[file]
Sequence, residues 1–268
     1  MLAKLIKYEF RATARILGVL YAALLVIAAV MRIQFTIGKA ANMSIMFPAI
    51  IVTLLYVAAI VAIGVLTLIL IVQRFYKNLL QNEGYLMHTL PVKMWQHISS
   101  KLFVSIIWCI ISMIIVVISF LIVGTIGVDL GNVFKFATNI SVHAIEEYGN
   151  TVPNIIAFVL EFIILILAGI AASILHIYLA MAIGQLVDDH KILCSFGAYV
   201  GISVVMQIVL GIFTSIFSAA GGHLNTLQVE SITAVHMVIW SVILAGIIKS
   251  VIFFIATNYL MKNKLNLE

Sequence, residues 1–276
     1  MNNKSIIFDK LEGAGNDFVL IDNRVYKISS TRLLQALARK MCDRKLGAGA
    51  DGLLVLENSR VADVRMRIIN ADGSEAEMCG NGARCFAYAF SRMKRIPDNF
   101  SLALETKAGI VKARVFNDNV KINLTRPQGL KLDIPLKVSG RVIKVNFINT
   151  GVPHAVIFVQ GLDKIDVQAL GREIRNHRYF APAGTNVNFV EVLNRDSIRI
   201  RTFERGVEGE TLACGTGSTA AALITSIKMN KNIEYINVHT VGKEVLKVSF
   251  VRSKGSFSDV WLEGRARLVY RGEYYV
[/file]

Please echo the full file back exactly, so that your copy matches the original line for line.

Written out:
Sequence, residues 1–268
     1  MLAKLIKYEF RATARILGVL YAALLVIAAV MRIQFTIGKA ANMSIMFPAI
    51  IVTLLYVAAI VAIGVLTLIL IVQRFYKNLL QNEGYLMHTL PVKMWQHISS
   101  KLFVSIIWCI ISMIIVVISF LIVGTIGVDL GNVFKFATNI SVHAIEEYGN
   151  TVPNIIAFVL EFIILILAGI AASILHIYLA MAIGQLVDDH KILCSFGAYV
   201  GISVVMQIVL GIFTSIFSAA GGHLNTLQVE SITAVHMVIW SVILAGIIKS
   251  VIFFIATNYL MKNKLNLE

Sequence, residues 1–276
     1  MNNKSIIFDK LEGAGNDFVL IDNRVYKISS TRLLQALARK MCDRKLGAGA
    51  DGLLVLENSR VADVRMRIIN ADGSEAEMCG NGARCFAYAF SRMKRIPDNF
   101  SLALETKAGI VKARVFNDNV KINLTRPQGL KLDIPLKVSG RVIKVNFINT
   151  GVPHAVIFVQ GLDKIDVQAL GREIRNHRYF APAGTNVNFV EVLNRDSIRI
   201  RTFERGVEGE TLACGTGSTA AALITSIKMN KNIEYINVHT VGKEVLKVSF
   251  VRSKGSFSDV WLEGRARLVY RGEYYV